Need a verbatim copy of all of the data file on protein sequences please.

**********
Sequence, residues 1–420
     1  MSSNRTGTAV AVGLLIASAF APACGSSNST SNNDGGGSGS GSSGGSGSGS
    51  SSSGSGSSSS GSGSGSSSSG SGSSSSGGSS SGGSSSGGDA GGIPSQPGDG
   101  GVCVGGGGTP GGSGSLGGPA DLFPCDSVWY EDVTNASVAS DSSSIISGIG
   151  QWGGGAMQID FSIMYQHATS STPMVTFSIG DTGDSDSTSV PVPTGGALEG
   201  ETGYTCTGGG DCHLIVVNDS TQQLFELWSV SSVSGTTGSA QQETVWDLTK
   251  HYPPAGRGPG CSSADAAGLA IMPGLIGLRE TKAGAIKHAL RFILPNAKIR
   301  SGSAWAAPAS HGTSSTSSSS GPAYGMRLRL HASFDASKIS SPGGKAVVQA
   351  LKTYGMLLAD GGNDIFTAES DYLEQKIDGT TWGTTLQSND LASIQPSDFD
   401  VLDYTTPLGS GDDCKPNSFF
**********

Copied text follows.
Sequence, residues 1–420
     1  MSSNRTGTAV AVGLLIASAF APACGSSNST SNNDGGGSGS GSSGGSGSGS
    51  SSSGSGSSSS GSGSGSSSSG SGSSSSGGSS SGGSSSGGDA GGIPSQPGDG
   101  GVCVGGGGTP GGSGSLGGPA DLFPCDSVWY EDVTNASVAS DSSSIISGIG
   151  QWGGGAMQID FSIMYQHATS STPMVTFSIG DTGDSDSTSV PVPTGGALEG
   201  ETGYTCTGGG DCHLIVVNDS TQQLFELWSV SSVSGTTGSA QQETVWDLTK
   251  HYPPAGRGPG CSSADAAGLA IMPGLIGLRE TKAGAIKHAL RFILPNAKIR
   301  SGSAWAAPAS HGTSSTSSSS GPAYGMRLRL HASFDASKIS SPGGKAVVQA
   351  LKTYGMLLAD GGNDIFTAES DYLEQKIDGT TWGTTLQSND LASIQPSDFD
   401  VLDYTTPLGS GDDCKPNSFF